Pete is 515 days sober


515 days sober. It all began, like most things do, with saying goodbye. When my wife walked out, the choice was simple: Kill myself or dig deep inside to find something that would merit my existence. If it weren't for the miraculous accidental dropping of a pile of papers, one of which, a picture drawn by my son depicting him and I holding hands, I would have likely followed through with my plans of swallowing a bottle of sleeping pills with a rum chaser. That picture, gracefully falling onto my left foot was the first of many miracles that have been bestowed upon me. With a shovel in my hand, sweat on my brow, bloody, blistered fingers and a broken heart, I dug desperately to find any small piece of me that would be worth salvaging.

After withdrawing, in the days that followed the excavation of my shallow grave, when the initial tidal wave of tears dried, I noticed a peculiar sparkle in my eyes. I still maintain that I lost my mind, just enough to find myself. The self constructed walls of crippling fear and anxiety began to crumble as the addiction began to lose its hold on me. The more I felt the sunshine on my face, the more I wanted to experience life beyond the confines of my little box.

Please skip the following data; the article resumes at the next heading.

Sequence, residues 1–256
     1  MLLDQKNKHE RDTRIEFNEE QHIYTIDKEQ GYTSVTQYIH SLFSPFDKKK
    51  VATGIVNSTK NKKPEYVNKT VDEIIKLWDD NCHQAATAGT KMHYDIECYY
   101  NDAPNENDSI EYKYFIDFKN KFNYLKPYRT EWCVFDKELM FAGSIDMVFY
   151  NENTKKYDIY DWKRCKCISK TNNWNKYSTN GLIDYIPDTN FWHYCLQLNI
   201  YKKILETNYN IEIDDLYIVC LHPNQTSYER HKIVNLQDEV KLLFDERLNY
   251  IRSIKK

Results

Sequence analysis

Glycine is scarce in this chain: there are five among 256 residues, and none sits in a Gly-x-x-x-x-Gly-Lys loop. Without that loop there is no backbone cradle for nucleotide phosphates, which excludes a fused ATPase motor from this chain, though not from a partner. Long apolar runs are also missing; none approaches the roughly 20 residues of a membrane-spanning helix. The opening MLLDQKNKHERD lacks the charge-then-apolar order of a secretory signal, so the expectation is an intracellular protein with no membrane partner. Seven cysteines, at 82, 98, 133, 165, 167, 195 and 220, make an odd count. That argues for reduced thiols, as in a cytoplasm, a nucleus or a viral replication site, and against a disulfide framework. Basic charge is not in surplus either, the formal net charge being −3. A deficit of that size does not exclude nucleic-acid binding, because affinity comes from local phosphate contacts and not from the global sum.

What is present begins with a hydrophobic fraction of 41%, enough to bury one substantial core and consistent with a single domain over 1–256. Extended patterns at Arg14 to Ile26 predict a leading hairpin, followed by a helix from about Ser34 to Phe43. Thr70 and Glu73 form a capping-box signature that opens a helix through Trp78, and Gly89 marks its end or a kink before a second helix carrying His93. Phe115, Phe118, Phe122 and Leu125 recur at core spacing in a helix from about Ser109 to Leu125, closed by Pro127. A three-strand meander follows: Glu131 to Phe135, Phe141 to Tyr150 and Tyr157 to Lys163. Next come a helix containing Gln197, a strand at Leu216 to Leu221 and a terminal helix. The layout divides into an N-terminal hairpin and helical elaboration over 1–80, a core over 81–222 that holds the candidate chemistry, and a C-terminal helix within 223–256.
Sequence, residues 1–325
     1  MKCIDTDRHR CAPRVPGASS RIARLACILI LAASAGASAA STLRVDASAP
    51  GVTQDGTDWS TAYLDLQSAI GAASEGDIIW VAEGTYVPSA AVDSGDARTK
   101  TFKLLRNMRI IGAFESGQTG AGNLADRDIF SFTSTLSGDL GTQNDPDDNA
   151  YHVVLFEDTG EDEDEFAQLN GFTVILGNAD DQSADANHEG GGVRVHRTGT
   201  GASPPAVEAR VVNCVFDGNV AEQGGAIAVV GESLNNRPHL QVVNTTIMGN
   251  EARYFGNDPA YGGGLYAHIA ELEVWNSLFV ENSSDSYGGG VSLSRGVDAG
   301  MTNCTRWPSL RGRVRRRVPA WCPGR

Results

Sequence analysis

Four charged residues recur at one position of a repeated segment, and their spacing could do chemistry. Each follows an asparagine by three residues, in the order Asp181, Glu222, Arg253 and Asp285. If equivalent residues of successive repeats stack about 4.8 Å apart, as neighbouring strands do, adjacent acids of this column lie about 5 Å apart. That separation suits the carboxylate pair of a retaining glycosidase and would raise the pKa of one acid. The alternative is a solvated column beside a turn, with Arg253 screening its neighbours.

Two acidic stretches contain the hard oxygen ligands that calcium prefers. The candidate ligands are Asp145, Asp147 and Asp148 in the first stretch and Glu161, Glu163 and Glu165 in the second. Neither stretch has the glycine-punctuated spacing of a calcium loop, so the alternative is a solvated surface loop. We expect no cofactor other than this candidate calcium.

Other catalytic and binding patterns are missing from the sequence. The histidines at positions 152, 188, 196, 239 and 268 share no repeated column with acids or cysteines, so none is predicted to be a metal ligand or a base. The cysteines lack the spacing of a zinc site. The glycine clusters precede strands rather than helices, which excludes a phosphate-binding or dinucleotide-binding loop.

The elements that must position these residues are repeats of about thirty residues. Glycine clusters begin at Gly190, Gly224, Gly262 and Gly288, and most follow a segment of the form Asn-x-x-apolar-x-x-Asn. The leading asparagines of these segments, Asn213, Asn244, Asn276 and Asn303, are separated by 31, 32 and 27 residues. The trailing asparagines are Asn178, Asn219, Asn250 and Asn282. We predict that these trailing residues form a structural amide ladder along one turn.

With each day that passed, I began to notice the sun speckled dew on the grass, the brilliance of the autumn leaves and all of the silly, wonderful little things that had been muddled by peering through the thick, milky glass at the bottom of a bottle. My mind and body were changing. It wasn't long until I had outgrown the life that I had pigeonholed myself into. My addiction to alcohol, my marriage and my self hatred were cyclical factors contributing to a life completely stifled and devoid of growth. In their absence, all of the creativity, passion, zeal, and energy that I once thought alcohol amplified began to resurface and I realized that I had a lot to say, and I could say it, with freedom.

I became a better father, brother, and friend, quite simply because I was learning to finally treat my body and spirit with respect. There were times that I had to really convince myself that I was in the midst of the greatest year of my life. Looking back, without question, I now know, that it was.

Thank you, Recovery Rockstars, and all of the countless, amazing individuals that I've met along the way for having the courage to tell 'our' stories. 

AlcoholKevin ZurekComment